From Pills to Needles – OHAs and Other Medications

The key to diabetes control is insulin. This is particularly true for those who have type 1 diabetes (T1D) because insulin production in many has almost stopped. In the case of type 2 diabetes (T2D), a type of drug referred to as Oral Hypoglycemic Agents (OHA) may also be used. The reason why OHA may be applicable in the case of T2D is due to the two issues related to the disease. These are:

  1. Not enough insulin is produced
  2. Insulin resistance

As a result, it often requires 2 different classes of medication insulin: one to increase output and one to improve utilization.

Medications that Work to Increase the Output of Insulin

This group derives the name of insulin secretagogues from their function. Their function is to augment secretion of insulin in the beta cells of the islets of Langerhans in the pancreas. With each type of medication side effects are always possible. For this group of drugs the most common negative effects include: weight gain and unanticipated hypoglycemia. Furthermore, if these drugs are used extensively, they may lose their effectiveness over time.

  • Sulfonylurea group (or sulphonylurea group) – This group of drugs was the first OHAs to become publicly used. It now offers first and second generation drugs. There are several agents used here in the US and others used throughout the world:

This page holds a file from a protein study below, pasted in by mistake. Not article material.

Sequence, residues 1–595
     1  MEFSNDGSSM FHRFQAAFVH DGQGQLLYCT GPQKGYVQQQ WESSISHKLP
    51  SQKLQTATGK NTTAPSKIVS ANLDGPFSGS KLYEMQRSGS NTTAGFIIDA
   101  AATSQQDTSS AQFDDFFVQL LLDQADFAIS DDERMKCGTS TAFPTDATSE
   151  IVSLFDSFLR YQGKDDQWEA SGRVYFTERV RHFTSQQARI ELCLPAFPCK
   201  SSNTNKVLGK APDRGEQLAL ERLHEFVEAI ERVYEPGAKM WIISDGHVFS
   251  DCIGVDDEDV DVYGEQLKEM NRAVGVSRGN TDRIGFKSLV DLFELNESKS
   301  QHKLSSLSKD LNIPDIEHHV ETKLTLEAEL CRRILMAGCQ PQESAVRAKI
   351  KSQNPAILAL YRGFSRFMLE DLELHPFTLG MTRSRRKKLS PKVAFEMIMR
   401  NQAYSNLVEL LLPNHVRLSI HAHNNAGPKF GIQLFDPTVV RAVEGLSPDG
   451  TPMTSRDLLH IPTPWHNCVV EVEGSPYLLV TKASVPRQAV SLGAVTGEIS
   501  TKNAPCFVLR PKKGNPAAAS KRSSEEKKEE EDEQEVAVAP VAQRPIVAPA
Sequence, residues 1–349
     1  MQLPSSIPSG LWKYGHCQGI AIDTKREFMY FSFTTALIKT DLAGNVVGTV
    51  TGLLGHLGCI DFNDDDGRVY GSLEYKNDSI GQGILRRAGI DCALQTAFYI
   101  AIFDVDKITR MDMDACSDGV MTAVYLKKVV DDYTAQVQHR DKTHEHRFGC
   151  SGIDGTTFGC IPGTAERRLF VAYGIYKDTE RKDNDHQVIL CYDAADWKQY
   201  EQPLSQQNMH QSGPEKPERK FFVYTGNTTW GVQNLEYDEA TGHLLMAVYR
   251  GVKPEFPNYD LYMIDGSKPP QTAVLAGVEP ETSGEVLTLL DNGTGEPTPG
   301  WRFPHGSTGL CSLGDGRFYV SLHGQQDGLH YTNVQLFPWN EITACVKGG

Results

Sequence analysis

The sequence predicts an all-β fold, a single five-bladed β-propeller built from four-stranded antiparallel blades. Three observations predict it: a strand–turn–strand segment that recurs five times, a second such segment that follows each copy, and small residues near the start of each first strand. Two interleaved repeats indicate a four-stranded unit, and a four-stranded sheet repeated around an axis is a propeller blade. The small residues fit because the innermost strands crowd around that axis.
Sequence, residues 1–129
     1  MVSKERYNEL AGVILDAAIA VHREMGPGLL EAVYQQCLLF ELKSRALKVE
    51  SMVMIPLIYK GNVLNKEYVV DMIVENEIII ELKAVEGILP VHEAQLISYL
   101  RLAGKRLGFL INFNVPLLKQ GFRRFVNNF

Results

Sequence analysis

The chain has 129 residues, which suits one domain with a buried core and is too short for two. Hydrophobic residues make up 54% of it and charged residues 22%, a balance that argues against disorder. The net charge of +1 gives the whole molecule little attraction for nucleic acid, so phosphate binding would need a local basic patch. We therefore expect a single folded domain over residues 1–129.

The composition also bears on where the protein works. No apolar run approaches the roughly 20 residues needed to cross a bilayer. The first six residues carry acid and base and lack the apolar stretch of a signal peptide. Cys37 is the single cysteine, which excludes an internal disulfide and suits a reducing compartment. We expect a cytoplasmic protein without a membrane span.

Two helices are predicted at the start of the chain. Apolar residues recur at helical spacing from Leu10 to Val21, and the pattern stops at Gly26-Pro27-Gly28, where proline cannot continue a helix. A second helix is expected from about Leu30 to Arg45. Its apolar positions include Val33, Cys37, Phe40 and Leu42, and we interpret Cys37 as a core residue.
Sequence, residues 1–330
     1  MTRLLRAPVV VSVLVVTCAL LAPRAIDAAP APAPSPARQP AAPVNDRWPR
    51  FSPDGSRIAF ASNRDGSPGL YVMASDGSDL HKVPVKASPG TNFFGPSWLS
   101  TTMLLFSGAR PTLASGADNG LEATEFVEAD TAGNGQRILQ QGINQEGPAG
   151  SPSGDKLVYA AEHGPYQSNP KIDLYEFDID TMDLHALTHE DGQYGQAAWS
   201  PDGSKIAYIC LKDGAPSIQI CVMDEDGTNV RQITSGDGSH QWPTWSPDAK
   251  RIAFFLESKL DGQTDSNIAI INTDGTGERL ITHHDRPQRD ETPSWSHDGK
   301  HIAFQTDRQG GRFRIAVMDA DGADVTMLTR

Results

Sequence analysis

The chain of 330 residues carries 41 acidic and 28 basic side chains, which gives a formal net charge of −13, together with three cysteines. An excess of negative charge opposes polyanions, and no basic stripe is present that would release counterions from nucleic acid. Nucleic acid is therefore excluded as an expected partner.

• Acetohexamide – first generation
    • Chlorpropamide – first generation
    • Glimepiride – second generation
    • Glipizide – second generation
    • Glyburide – second generation
    • Tolazamide – first generation
    • Tolbutamide – first generation
  • Non-sulfonylurea group – Two other drugs also act as secretagogues. They are Meglitinide and Repaglinide. They have an advantage of responding more quickly and are of shorter duration that those in the sulfonylurea group. The disadvantage of taking this type of drug is potential weight.
  • DPP-4 (dipeptidyl peptidase-4) Inhibitors – This is a relatively new class of medications with members including: